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Breaking: Supreme Court affirms Sanwo-Olu as Lagos Governor

The Supreme Court, on Friday, affirmed the election of Governor Babajide Sanwo-Olu of Lagos State.

The apex court, in a unanimous decision by a five-member panel led by Justice Inyang Okoro, dismissed, as lacking merit, two separate appeals that challenged his return as winner of the governorship election held in the state on March 18.

The appeals were brought before the court by candidates of the Labour Party, LP, Mr. Gbadebo Rhodes-Vivour, and that of the Peoples Democratic Party, PDP, Abdulazeez Adediran, popularly known as Jandor.

Specifically, the LP and its candidate, Rhodes-Vivour, had prayed to the court to determine whether Sanwo-Olu, who was the candidate of the All Progressives Congress, APC, was qualified to contest the election, considering that his deputy and running mate, Obafemi Hamzat, has dual citizenship.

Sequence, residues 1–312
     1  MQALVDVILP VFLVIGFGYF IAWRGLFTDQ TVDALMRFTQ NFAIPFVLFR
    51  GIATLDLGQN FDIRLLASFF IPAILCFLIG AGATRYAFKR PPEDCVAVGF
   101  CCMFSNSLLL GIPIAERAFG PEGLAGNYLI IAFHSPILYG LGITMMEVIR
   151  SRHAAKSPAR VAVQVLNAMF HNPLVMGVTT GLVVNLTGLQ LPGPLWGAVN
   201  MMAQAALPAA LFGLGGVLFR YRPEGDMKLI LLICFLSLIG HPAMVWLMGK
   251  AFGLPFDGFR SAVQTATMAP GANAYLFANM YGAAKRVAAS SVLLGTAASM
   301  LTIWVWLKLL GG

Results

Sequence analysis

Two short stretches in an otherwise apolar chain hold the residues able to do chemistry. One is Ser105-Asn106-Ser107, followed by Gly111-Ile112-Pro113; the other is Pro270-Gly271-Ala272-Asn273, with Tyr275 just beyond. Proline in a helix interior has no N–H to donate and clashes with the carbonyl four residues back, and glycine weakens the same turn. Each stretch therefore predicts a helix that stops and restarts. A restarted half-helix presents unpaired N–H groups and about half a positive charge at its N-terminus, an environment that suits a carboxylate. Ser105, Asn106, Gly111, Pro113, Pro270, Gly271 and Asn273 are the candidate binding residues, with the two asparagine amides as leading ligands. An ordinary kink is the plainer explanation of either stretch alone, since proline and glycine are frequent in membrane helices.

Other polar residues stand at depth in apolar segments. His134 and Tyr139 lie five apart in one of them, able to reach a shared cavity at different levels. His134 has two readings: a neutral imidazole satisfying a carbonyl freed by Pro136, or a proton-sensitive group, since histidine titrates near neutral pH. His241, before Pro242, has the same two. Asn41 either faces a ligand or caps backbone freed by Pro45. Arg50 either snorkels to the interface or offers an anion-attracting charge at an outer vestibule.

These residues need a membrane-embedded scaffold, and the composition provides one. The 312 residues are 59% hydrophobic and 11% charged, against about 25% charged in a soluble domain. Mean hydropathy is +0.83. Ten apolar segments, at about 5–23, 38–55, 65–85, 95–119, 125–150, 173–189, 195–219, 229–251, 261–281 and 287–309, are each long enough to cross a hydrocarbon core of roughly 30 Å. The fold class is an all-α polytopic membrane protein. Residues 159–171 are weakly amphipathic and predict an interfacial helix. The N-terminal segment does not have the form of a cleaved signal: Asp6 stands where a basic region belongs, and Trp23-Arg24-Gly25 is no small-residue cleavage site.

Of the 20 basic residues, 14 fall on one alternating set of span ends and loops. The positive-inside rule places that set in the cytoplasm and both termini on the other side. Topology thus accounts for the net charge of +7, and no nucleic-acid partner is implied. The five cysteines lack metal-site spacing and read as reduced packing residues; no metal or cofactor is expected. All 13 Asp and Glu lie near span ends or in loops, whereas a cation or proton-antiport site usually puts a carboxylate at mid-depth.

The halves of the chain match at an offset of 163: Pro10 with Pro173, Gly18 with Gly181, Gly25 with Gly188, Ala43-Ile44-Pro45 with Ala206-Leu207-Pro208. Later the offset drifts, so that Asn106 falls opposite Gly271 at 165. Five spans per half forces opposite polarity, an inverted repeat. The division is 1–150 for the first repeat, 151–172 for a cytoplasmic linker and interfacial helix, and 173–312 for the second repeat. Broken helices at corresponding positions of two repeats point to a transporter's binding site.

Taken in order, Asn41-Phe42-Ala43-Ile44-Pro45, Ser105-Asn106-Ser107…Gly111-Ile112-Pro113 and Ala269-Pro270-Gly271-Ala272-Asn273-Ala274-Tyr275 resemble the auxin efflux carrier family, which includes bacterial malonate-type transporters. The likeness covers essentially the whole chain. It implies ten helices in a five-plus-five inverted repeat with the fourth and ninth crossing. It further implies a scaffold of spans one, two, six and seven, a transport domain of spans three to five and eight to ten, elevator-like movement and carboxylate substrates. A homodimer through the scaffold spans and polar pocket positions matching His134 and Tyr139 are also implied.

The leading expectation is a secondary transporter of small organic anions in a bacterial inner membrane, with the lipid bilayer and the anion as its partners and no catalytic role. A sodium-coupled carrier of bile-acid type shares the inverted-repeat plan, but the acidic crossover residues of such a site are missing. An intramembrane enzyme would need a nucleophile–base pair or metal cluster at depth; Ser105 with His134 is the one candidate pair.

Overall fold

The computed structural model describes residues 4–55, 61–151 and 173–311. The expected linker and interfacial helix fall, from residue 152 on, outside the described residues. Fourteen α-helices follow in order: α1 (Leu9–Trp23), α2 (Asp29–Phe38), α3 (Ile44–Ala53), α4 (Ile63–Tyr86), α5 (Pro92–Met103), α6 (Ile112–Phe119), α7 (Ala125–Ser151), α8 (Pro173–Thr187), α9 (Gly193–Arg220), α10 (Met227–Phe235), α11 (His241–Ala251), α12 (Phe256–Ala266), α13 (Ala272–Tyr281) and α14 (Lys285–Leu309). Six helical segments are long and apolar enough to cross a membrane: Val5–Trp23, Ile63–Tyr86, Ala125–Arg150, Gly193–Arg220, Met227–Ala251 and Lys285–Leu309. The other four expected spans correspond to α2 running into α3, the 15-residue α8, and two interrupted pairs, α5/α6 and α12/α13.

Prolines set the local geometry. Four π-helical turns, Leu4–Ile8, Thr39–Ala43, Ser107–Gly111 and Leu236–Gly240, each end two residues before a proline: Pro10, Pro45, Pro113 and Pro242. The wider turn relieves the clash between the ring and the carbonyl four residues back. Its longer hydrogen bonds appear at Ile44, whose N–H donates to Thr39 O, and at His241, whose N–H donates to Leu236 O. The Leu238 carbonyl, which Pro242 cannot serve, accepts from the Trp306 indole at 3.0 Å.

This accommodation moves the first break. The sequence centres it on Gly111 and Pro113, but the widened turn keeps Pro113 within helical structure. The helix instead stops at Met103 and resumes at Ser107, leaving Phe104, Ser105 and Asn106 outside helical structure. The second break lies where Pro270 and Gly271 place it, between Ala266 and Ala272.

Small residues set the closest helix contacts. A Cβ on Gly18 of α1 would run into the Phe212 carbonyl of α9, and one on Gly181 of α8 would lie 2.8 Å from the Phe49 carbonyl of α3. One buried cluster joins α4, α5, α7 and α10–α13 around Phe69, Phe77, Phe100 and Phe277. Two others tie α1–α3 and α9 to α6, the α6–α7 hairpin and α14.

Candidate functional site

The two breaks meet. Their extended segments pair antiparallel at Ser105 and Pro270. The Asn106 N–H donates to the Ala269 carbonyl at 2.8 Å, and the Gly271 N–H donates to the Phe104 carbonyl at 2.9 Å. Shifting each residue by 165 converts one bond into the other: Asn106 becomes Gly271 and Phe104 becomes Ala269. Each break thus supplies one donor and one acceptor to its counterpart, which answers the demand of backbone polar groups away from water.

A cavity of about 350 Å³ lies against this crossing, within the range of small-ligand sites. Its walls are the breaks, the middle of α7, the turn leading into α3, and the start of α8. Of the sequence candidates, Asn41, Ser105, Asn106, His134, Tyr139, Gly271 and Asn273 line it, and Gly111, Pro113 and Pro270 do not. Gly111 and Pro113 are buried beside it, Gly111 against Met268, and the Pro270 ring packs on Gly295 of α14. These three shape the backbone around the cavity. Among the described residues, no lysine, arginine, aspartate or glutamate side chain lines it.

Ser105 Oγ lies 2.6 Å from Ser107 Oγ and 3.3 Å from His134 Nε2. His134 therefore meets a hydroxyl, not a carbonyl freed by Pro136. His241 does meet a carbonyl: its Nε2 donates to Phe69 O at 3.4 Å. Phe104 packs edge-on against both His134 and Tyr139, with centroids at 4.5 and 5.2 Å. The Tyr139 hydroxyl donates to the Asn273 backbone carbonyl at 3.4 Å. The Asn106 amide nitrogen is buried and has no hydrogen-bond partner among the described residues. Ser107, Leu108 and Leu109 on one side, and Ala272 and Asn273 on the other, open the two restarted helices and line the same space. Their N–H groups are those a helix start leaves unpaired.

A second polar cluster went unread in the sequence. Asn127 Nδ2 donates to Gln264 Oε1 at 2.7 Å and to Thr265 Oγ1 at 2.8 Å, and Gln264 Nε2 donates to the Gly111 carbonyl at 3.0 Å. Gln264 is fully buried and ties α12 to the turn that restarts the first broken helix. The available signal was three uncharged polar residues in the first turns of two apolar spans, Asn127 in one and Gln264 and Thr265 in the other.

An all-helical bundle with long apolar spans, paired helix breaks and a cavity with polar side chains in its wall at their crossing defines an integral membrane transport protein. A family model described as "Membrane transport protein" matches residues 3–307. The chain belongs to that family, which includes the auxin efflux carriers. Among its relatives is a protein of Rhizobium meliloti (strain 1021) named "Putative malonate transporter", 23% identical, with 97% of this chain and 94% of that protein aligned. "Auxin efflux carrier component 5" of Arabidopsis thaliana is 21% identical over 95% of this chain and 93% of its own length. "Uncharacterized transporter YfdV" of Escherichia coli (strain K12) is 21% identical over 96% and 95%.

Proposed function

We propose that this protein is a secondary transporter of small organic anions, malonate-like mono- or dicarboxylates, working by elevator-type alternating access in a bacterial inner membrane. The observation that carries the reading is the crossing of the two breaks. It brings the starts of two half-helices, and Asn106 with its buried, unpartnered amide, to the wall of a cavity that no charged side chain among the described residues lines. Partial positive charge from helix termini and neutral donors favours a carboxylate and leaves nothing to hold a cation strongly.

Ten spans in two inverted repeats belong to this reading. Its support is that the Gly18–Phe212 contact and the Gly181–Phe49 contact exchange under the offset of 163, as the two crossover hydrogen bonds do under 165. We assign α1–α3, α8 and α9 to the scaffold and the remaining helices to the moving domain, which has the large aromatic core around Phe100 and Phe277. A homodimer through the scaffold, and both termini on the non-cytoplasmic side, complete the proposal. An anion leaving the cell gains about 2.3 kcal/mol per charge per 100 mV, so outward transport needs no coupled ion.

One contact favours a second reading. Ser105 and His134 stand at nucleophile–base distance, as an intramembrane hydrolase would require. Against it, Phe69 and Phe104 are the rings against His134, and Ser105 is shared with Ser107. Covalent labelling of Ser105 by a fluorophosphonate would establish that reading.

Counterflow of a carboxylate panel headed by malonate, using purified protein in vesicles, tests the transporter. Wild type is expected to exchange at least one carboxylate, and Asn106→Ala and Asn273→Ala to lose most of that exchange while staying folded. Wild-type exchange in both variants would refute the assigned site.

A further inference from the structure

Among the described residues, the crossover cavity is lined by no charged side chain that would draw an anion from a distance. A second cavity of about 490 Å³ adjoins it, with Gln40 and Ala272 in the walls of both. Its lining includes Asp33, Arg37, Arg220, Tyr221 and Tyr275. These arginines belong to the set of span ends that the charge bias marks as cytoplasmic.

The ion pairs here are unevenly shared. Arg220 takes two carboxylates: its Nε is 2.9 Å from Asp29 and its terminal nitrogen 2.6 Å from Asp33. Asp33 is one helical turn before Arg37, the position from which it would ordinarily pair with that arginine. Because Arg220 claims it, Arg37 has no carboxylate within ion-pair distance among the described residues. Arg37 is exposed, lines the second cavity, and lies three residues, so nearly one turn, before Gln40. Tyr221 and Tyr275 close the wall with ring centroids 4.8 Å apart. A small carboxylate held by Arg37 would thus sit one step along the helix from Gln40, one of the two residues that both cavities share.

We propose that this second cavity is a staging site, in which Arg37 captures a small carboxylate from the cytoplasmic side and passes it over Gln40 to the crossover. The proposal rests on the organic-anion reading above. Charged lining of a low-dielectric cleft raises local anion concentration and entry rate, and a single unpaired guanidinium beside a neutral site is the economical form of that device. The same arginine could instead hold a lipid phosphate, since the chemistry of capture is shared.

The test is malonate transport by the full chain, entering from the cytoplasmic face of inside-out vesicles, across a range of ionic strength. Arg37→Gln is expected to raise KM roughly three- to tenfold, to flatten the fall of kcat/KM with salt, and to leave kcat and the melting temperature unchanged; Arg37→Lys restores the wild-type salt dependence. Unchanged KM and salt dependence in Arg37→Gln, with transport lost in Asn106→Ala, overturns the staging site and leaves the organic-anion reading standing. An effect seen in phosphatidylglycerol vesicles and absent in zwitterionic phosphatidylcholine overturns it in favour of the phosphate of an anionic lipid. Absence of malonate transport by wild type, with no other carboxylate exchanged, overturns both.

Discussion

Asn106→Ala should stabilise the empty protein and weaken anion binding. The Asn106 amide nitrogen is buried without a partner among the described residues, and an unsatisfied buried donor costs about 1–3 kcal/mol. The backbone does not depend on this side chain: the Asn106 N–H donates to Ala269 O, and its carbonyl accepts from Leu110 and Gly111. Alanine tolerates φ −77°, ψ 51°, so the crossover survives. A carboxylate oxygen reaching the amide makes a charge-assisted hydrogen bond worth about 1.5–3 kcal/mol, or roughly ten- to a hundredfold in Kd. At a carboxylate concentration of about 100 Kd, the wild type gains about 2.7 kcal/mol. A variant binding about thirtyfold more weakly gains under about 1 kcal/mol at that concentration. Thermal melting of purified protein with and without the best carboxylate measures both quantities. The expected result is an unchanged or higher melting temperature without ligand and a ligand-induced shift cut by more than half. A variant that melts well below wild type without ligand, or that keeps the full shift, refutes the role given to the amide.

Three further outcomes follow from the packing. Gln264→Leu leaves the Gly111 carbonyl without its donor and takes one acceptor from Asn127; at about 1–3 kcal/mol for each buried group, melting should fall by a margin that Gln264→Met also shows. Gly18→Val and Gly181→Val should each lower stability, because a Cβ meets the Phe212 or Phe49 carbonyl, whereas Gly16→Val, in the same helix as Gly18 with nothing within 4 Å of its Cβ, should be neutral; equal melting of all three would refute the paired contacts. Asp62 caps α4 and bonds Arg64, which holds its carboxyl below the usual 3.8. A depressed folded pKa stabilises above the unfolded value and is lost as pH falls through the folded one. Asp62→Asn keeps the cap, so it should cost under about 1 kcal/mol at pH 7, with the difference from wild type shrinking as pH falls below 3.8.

The appellants alleged that the Lagos State deputy governor took the citizenship of the United States of America, USA.

They argued that since the deputy governor, by his action, was constitutionally ineligible to contest the election, it invalidated Sanwo-Olu’s candidature at the election.

However, both the Independent National Electoral Commission, INEC, Sanwo-Olu, his deputy, as well as the APC, urged the apex court to dismiss the appeal for lack of competence.

The respondents stressed that both the Lagos State Governorship Election Petitions Tribunal and the Court of Appeal had unanimously dismissed the allegation and LP’s petition against the outcome of the gubernatorial contest.

Meanwhile, in its lead judgement that was delivered by Justice Mohammed Garba Lawal, the Supreme Court said there was no evidence that Sanwo-Olu’s deputy denounced his Nigerian citizenship.

It held that the prohibitions in Section 28 of the 1999 Constitution, as amended, was not applicable to a person that is a Nigerian citizen by birth.

According to the Supreme Court, there is no law stripping a Nigerian citizen by birth from enjoying his status, rights, and privileges owing to the acquisition of the citizenship of another country through naturalization.

It held that the Appeal Court was right in affirming the judgement of the tribunal that Sanwo-Olu and his deputy were not disqualified from contesting the governorship election.

Consequently, it dismissed Rhodes-Vivour’s appeal as lacking in merit.


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